HOW GREEN GLASS?

HOW GREEN GLASS?
One of the general questions of architects is how glass is a “green” material. “Because our cities are increasingly transformed with the richness of glass in accordance with the standard For carbon emissions and energy efficiency, this means that architects who design glass for their projects need to ensure that glass is designed and used correctly for the purpose of the 21st century.

Legal standards are developed and adjusted based on global warming concerns, availability of materials and prices, and sustainability of materials. Recognizing the problem, the glass industry has more than ever created environmentally-friendly glass products. Combining the benefits of glass with other building materials such as brick, steel, concrete … to solve this problem. The scope of the modern glass industry is that glass is not just for light, but also for other benefits and functions.

For example, in hotter climates, coating or coloration on the glass surface is used to improve the effect of UV radiation and visible light. Reduces the amount of heat from sunlight, keeping the cool inside the building well lit for indoor activities. In cold climates, the glass is coated on the mantle surface to maximize the amount of passive heat entering the building and to prevent heat escaping from the building.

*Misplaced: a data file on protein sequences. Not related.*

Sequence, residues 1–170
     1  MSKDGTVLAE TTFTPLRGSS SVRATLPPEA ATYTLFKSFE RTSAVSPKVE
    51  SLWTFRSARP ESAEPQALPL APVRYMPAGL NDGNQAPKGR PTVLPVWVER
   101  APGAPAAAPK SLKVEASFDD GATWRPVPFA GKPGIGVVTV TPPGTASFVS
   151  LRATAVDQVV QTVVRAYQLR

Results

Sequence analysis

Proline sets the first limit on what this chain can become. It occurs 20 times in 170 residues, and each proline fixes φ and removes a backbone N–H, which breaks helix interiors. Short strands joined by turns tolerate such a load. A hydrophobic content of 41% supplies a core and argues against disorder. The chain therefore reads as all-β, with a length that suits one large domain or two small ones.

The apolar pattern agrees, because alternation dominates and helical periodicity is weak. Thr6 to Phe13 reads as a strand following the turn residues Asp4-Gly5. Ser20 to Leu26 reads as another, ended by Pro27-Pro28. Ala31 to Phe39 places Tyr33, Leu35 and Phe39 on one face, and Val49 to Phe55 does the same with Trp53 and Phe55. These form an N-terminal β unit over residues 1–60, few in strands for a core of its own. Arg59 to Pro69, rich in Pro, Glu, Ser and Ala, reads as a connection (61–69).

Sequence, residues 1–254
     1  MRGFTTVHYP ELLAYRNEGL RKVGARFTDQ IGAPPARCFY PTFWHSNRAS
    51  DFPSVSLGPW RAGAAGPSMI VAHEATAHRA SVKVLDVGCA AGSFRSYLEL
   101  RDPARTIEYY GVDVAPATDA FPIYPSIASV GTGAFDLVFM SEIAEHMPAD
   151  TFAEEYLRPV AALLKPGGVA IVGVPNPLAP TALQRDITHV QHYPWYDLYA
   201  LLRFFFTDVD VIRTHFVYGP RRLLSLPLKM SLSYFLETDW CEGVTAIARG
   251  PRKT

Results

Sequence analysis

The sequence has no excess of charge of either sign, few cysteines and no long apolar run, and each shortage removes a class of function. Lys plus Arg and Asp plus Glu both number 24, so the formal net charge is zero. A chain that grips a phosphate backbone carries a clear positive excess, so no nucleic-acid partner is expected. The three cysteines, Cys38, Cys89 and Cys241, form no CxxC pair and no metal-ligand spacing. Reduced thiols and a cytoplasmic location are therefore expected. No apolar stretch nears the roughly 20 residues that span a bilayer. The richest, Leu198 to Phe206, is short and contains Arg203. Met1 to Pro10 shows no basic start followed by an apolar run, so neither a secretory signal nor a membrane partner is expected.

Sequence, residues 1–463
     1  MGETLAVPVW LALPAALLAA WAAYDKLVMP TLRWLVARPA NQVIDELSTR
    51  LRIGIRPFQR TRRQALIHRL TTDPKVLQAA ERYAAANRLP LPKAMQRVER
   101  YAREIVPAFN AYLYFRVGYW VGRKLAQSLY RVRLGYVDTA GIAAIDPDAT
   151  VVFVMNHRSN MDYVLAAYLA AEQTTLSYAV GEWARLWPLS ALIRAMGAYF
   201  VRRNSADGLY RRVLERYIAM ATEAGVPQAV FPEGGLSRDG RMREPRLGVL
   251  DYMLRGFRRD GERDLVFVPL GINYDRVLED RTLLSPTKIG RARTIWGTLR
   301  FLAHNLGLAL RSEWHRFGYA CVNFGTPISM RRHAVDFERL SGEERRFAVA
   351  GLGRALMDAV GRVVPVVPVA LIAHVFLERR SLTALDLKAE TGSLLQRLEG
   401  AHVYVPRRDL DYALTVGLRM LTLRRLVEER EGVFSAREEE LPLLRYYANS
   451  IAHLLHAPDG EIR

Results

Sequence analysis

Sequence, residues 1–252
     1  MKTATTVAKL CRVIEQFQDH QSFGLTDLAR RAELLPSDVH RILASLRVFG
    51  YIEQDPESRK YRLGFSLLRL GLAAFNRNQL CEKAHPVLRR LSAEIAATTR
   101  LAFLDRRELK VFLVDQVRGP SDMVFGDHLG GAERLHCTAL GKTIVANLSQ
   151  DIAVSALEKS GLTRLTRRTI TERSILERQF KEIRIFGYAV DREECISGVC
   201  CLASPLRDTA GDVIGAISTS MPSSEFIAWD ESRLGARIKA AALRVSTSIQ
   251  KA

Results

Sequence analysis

In fact, using the right glasses can help save energy. For typical homes in the UK, the energy efficiency of double-glazed glass is used to save up to 90kg of CO2 per year compared to a single glass. If all single glass in buildings across Europe was replaced by double-glazed glass, we could save 100 million tons of CO2 per year, equivalent to one third of the EU budget for saving. Energy in buildings in 2020.

 

The possibilities that glass today gives architects are not always the message passed. Architects can now choose glass that can meet almost any desired performance requirement, as well as a number of modern glass technologies that are changing the way buildings are designed.
So the answer to the perennial question is that glass is indeed “green”. You just need to know how to take advantage of it.
Nick Shore – is the branch director for NSG, one of the world’s leading manufacturers of glass and automotive glass. He has made great achievements in researching and delivering sustainable solutions for the NSG group’s glass industry.

Source: worldarchtecturenews